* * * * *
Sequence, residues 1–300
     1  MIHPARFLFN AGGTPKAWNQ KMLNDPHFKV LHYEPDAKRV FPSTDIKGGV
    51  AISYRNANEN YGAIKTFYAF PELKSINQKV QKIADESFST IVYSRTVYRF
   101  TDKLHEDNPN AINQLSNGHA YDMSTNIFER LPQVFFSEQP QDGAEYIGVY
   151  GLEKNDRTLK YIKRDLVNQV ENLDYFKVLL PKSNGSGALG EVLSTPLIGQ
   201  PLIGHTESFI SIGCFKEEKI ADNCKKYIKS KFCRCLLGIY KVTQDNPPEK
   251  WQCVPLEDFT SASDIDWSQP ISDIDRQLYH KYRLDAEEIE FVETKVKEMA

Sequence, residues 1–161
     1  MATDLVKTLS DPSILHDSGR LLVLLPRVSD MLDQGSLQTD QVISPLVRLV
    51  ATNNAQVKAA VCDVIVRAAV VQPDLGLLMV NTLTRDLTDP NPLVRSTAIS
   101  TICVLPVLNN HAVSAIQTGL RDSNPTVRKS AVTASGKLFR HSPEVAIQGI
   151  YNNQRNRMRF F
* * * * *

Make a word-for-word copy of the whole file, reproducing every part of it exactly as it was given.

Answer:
Sequence, residues 1–300
     1  MIHPARFLFN AGGTPKAWNQ KMLNDPHFKV LHYEPDAKRV FPSTDIKGGV
    51  AISYRNANEN YGAIKTFYAF PELKSINQKV QKIADESFST IVYSRTVYRF
   101  TDKLHEDNPN AINQLSNGHA YDMSTNIFER LPQVFFSEQP QDGAEYIGVY
   151  GLEKNDRTLK YIKRDLVNQV ENLDYFKVLL PKSNGSGALG EVLSTPLIGQ
   201  PLIGHTESFI SIGCFKEEKI ADNCKKYIKS KFCRCLLGIY KVTQDNPPEK
   251  WQCVPLEDFT SASDIDWSQP ISDIDRQLYH KYRLDAEEIE FVETKVKEMA

Sequence, residues 1–161
     1  MATDLVKTLS DPSILHDSGR LLVLLPRVSD MLDQGSLQTD QVISPLVRLV
    51  ATNNAQVKAA VCDVIVRAAV VQPDLGLLMV NTLTRDLTDP NPLVRSTAIS
   101  TICVLPVLNN HAVSAIQTGL RDSNPTVRKS AVTASGKLFR HSPEVAIQGI
   151  YNNQRNRMRF F